Monday, December 30, 2013

Why not just pour food into our cars and kill two birds with one stone? (Literally?)

Many of us are ending the Christmas season, when we consume huge amounts of soy additives and high fructose corn syrup. Contrast this to the remainder of the year, when we consume huge amounts of soy additives and high fructose corn syrup.

I don't think I've ever written about soy, but I've certainly written about corn syrup, since everyone - except for observant Jews - seems to drink it. For example, I've noted that high fructose corn syrup and "New Coke" were not connected - Coca Cola had switched to high fructose corn syrup several years before New Coke was introduced. I also covered the attempt to allow high fructose corn syrup to be renamed "corn sugar" - the purpose was to "eliminate customer confusion."

However, I've never explicitly stated why we Americans use so much high fructose corn syrup and soy additives, and why Mexicans don't.

There's a simple reason - Congress doesn't provide subsidies to Mexican farmers. Only American farmers are subsidized.

Almost anything you can think of would be a better use of our tax dollars than subsidizing the ingredients in junk food, but every year more than a billion taxpayer dollars do just that.

The above sentence comes from CalPIRG, so it obviously goes on to talk about Monsanto and other evil corporations. But at the end of the day, Monsanto can't force a Senator to vote for corn subsidies. Another beneficiary of corn subsidies - ethanol - was recently defended by Senators from both sides of the aisle.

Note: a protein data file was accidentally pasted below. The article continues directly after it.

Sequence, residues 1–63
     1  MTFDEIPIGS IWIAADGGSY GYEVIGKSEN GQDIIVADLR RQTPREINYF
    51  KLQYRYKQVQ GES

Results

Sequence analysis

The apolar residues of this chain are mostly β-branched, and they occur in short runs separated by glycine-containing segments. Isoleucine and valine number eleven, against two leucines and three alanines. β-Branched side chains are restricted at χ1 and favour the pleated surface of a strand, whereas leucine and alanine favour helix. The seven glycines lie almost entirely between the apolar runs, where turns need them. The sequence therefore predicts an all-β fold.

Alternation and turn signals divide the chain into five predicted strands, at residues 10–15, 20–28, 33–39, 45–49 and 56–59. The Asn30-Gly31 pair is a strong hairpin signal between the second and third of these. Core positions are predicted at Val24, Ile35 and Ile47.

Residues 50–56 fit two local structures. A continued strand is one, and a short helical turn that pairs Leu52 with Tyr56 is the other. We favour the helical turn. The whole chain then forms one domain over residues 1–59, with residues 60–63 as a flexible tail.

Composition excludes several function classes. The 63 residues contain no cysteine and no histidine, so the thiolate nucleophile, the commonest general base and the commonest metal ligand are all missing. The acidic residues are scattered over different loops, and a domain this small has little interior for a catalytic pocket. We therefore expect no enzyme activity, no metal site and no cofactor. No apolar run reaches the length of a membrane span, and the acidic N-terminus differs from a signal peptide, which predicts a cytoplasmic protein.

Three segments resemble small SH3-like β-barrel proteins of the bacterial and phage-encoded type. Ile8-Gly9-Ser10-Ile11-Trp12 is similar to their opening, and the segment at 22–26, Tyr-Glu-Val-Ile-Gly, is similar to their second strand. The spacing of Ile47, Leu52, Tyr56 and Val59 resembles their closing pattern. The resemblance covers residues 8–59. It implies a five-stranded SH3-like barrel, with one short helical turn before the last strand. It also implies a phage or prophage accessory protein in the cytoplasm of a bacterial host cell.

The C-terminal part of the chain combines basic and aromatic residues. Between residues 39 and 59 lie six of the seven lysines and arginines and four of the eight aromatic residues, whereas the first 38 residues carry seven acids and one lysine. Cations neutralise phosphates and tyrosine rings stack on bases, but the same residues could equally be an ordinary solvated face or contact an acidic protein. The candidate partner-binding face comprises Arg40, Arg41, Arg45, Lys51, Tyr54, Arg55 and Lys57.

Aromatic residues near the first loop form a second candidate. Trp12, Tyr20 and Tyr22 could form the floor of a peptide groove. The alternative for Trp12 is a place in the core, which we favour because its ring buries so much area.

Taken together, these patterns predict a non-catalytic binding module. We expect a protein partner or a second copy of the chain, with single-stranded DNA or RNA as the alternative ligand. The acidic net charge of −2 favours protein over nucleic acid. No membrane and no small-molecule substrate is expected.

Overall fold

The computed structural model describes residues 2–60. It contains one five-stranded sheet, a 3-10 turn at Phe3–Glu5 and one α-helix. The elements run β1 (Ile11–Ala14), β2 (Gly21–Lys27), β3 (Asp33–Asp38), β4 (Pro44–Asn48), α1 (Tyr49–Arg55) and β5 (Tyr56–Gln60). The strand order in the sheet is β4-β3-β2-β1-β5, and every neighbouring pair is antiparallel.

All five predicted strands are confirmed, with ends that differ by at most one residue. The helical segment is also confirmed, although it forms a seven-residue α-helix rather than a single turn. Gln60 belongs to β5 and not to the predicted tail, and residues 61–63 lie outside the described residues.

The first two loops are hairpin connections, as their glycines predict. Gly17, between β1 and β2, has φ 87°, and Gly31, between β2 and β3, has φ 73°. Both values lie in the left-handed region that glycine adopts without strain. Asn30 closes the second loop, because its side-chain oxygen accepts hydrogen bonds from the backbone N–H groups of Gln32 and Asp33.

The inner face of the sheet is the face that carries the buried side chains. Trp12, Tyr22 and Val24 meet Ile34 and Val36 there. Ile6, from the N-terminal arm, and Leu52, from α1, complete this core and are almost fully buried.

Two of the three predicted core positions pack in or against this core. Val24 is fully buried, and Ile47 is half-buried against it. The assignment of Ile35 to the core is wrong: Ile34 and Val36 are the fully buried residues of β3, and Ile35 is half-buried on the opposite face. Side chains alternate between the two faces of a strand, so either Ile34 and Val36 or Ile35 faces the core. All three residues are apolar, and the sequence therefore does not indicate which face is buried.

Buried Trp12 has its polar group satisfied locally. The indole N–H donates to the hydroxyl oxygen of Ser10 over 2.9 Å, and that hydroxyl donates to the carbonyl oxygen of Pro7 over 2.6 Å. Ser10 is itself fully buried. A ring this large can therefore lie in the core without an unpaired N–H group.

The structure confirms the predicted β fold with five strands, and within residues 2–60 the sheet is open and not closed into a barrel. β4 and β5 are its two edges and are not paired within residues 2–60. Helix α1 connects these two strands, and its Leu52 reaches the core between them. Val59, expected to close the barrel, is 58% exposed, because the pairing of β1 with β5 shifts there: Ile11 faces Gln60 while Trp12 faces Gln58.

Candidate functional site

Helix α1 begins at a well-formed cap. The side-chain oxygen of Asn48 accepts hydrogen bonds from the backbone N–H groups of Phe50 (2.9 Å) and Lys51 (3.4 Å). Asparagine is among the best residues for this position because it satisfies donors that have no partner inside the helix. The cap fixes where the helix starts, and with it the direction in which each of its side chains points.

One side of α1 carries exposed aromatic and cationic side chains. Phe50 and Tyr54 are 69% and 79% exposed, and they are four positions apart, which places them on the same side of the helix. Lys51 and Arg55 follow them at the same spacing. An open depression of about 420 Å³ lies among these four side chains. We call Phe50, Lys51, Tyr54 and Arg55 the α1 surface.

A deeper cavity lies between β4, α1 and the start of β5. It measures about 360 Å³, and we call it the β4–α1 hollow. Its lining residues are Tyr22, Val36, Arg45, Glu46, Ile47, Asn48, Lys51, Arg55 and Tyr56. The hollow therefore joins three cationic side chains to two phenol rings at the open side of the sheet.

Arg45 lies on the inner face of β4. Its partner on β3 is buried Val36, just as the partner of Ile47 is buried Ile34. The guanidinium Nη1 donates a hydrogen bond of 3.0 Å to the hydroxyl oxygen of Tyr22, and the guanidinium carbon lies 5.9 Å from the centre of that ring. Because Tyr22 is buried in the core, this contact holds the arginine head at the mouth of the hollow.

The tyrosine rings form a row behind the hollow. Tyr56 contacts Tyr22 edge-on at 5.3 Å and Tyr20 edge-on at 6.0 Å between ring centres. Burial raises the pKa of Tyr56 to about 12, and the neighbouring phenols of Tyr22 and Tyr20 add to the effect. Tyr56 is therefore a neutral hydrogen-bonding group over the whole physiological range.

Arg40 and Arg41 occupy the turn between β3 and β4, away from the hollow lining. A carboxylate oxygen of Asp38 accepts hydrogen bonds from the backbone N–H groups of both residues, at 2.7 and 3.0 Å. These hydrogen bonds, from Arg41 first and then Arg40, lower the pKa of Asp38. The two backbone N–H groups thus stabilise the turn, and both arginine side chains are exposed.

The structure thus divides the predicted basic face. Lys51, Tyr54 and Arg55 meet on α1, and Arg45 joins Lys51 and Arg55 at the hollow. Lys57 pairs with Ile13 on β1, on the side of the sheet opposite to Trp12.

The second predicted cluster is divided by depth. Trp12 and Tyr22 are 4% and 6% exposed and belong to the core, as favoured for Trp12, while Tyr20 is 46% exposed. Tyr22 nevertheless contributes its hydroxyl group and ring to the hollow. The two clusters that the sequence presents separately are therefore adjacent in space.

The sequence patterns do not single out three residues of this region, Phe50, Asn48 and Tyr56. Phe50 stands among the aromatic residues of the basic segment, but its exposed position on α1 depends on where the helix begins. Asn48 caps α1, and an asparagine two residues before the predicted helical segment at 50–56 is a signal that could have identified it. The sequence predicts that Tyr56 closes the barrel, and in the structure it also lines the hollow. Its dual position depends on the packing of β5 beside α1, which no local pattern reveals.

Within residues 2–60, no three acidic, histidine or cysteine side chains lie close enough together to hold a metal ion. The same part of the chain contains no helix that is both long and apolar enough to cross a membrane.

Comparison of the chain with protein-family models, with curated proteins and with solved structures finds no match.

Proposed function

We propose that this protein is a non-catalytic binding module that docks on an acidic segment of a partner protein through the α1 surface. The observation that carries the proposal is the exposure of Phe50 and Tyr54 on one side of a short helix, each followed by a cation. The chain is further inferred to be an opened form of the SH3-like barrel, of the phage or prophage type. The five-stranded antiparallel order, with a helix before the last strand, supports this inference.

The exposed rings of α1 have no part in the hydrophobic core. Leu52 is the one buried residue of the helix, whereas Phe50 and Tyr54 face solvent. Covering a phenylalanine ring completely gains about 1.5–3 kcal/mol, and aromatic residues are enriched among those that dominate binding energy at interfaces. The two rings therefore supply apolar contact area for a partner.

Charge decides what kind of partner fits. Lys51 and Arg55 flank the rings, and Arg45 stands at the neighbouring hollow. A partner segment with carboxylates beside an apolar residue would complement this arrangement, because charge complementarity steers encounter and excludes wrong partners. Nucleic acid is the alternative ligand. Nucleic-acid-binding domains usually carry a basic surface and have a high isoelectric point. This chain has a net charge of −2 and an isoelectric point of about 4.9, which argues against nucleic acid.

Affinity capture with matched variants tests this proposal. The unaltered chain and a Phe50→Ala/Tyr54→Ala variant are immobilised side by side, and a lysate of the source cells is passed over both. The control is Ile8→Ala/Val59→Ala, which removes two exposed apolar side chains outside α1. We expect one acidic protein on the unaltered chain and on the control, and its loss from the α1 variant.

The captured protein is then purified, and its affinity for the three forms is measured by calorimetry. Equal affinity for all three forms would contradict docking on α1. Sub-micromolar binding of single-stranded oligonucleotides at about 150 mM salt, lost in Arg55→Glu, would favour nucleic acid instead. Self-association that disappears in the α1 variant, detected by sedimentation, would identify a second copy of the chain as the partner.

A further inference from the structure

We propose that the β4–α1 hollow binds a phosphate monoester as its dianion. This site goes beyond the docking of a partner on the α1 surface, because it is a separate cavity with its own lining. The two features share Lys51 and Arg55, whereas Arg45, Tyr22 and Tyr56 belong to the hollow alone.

A federal subsidy of 45 cents a gallon for blending ethanol into gasoline and a 54-cent per gallon tariff on imported ethanol will both expire automatically at the end of [2010] without Congressional action. A bill introduced in April [2010] by Charles Grassley, Republican of Iowa, and Kent Conrad, Democrat of North Dakota, would extend the measures until 2015.

“Ethanol has proven its value as a homegrown, renewable fuel and, in light of the hundreds of billions of dollars shipped abroad as a result of foreign oil dependence, ethanol is a relative bargain,” Mr. Grassley said in a statement accompanying the letter.

The letter was signed by 16 senators, including Al Franken, Democrat of Minnesota, and John Thune, Republican of South Dakota.

And, of course, the reason why the Senators support these bills and accept these contributions is because they want to get re-elected by local voters. Somehow I suspect that the Iowa PIRG doesn't have a lot of success drumming up support to end the ag subsidies. (Although they try.)

Since people act according to their economic interests, it's doubtful that midwestern Senators will vote to end farm subsidies any time soon. So if you really want to battle all the stuff that's getting put in your food, one potential avenue is the tool of ridicule (not to be confused with the Rod of Ridicule, used by Michael O'Donoghue to berate fellow SNL writers). The next time that some shopping mall salesperson is encouraging you to try a food with "healthy corn syrup," simply respond to the person as follows:

Corn syrup? Isn't that the same stuff I put in my gas tank?

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